The file contains a collimated source ellipse (black body spectrum 6000K 0.4-1.0 µm) and a window that is coated on the front face. The coating and angle of the window have different configurations. Two flux versus wavelength analyses are used to compare the reflected and transmitted sides. 

This file contains the following:

  • COLD_MIRROR_0DEG: This cold mirror is designed for angles of incidence at or near normal. The design has 31 layers.


  • COLD_MIRROR_45DEG_A: This cold mirror is designed for use at 45° incidence in air. It has 29 layers. The materials used have no significant absorption in the visible region.


  • COLD_MIRROR_45DEG_B: This cold mirror is designed for use at 45° incidence with slightly higher reflectance than COLD_MIRROR_45DEG_A. It uses titania, rather than niobia, because titania has a slightly higher index. However, titania suffers from absorption at the blue end of the spectrum, hence the ripple for p-polarization. The design has 47 layers.


Beamsplitter coatings

A beamsplitter coating is placed between two right angle prisms to form a cube beamsplitter. It splits input light into two separate parts. For an example of these beam splitter coatings, refer to the Cube_BS.zar file in the attachments.

The file contains a collimated source ellipse (system wavelengths) and a coated beam splitter. The merit function calculates the reflected and transmitted flux.

This file contains the following: 

  • CUBE_BS_500-600_99L: This 50/50 dielectric (or lossless) beam splitter has an incident medium and substrate of N-BK7 and is designed for 45° incidence in the incident medium. The component is in the form of a cube with the coating on the diagonal. The problem with such components is the low contrast in p-polarized layer properties (45° incident is not far from the Brewster angle between the two-layer materials). With only 99 layers, it’s also difficult to achieve the required reflectance and transmittance while  eliminating the ripple. The 500-600 nm range is near the edge of possibility.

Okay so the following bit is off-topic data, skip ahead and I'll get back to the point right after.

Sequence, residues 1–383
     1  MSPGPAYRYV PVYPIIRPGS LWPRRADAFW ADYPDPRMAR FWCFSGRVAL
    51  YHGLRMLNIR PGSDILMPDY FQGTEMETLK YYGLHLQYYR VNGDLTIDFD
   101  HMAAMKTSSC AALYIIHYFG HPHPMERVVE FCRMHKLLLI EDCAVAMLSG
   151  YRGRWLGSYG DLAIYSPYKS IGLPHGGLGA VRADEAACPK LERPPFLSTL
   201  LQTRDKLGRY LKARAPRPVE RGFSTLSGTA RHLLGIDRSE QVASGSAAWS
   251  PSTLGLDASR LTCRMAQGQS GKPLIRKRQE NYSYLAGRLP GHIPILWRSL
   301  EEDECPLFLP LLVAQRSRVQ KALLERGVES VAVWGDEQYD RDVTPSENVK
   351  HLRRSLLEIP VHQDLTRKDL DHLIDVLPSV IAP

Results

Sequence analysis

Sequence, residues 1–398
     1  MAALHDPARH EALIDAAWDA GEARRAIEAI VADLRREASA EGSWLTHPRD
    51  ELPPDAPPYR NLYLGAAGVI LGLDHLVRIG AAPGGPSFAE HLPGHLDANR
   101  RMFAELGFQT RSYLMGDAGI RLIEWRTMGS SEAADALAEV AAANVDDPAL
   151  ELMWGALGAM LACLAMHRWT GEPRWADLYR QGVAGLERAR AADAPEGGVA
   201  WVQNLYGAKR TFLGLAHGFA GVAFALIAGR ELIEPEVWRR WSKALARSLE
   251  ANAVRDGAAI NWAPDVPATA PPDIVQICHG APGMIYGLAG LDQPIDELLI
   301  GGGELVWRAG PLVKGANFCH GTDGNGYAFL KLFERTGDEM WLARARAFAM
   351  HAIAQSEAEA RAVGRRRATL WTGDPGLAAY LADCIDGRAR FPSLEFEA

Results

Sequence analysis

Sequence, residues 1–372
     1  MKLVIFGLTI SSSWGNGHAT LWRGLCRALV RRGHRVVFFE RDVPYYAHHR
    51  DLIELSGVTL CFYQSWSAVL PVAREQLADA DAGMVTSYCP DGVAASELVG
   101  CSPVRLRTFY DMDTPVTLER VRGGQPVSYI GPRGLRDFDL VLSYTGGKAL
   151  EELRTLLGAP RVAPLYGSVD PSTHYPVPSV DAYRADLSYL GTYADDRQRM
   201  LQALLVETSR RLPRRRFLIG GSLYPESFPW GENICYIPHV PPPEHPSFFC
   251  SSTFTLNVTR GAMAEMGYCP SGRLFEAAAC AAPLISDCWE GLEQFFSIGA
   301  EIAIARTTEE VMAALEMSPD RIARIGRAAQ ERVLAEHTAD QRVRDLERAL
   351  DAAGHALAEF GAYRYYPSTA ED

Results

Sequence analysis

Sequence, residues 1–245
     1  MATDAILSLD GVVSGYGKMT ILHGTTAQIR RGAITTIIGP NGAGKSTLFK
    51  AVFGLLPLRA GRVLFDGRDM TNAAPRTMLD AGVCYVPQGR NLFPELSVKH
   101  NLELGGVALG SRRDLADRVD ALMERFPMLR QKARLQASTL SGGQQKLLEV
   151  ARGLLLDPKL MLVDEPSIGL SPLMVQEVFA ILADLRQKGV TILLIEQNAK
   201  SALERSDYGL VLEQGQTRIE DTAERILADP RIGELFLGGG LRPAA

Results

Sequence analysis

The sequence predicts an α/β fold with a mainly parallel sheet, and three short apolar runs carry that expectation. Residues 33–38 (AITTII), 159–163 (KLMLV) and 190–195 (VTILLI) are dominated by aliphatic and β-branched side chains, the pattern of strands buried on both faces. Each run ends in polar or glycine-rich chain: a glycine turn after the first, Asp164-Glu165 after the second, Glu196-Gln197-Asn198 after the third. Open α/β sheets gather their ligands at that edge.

• CUBE_BS_500-600_148L: This is another 50/50 dielectric beam splitter with N-BK7 as an incident medium and substrate. The specification is similar to CUBE_BS_500-600_99L, but with 148 layers (rather than 99), it enables better ripple elimination at the expense of a more demanding manufacture.


  • CUBE_BS_460-640_316L: This 50/50 beam splitter has a 45° angle of incidence and N-BK7 as an incident medium and substrate, making it a cube beam splitter with coating on the diagonal. The range has been increased to 460 nm to 640 nm, but even with 316 layers there’s some residual ripple. Further ripple reduction indicates the need for more layers, but that would be challenging to manufacture and not guaranteed to be successful.


  • CUBE_POL_45DEG_21L: This is a simple 21-layer cube polarizer for the visible region. The design is a quarter-wave stack. The interface between the high and low index layers is arranged at the Brewster angle, resulting in low p-polarized reflectance.